Okay, it was supposed to be a short visit — as in, I’ll just hop a train early in the morning and bring her a few goodies from the United States. After all, those of us who live abroad have to keep each other in Hershey’s, right? But the short visit turned into two meals and a 12-hour tour of Perthshire, conversing on a whole wealth of topics that continued until literally minutes before the doors on our eight o’clock train closed.

Of course, there were the whole “Liz Is Trying To Kill Me” episodes, which included a dizzying spiral stairwell that was exactly as wide as my shoulders — and getting more narrow as it rose, a river so high she called it a “death trap” and wet rocks slicked with moss, but I bribed her with 20 pounds of candy to let me live, and so we went home. We will just draw a veil over how dorky I looked crawling up the rocks on my hands and knees. Yes. Drawing a veil. Now.

Ahem.

To conclude: real life authors are lovely people, and should you have a chance to meet one in his or her own home environment, they will often feed you, and let their children take blurry, close-up pictures of you. It’s a lot of fun. (Pictures to follow; Flickr is uploading at the speed of a wheezing asthmatic camel in a sand slide.)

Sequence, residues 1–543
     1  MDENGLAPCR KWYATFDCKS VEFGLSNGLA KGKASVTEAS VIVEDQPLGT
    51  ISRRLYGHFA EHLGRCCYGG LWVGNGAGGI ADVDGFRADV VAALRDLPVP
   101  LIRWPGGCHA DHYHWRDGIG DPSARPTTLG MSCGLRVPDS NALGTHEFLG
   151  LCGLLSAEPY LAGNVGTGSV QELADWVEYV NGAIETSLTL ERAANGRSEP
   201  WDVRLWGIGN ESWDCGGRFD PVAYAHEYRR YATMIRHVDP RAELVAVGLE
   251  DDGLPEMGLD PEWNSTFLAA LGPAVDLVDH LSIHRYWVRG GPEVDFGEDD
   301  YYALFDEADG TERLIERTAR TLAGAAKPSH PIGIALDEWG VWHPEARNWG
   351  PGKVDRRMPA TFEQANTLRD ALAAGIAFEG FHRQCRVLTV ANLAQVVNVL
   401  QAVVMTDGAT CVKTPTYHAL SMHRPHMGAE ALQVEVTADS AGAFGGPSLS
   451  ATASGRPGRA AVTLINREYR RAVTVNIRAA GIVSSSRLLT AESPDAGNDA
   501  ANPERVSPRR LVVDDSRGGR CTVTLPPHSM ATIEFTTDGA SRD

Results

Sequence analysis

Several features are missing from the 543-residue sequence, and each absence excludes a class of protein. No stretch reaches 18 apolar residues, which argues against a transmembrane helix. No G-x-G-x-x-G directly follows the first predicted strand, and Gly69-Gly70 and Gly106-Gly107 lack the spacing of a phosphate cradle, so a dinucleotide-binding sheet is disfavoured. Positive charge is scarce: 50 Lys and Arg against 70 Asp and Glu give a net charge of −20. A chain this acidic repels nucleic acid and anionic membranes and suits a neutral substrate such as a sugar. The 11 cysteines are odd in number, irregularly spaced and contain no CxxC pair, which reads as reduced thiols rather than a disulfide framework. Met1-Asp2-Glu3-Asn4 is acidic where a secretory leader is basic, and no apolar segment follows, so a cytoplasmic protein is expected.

Reminder via Children’s Writers & Illustrators Market newsletter:

It’s the 78th Annual Writer’s Digest Writing Competition! Submit your children’s or young adult fiction! The reading fee is GRAND PRIZE: $3,000 cash and a trip to New York City to meet with editors or agents. Writer’s Digest will fly you and a guest to The Big Apple, where you’ll spend three days and two nights in the publishing capital of the world. While you’re there, a Writer’s Digest editor will escort you to meet and share your work with four editors or agents! Plus, you’ll receive a free Diamond Publishing Package from Outskirts Press.

Entry Deadline: May 15, 2009.

The most fun about this contest is that it’s open to everyone. Check out the small print at Writer’s Digest.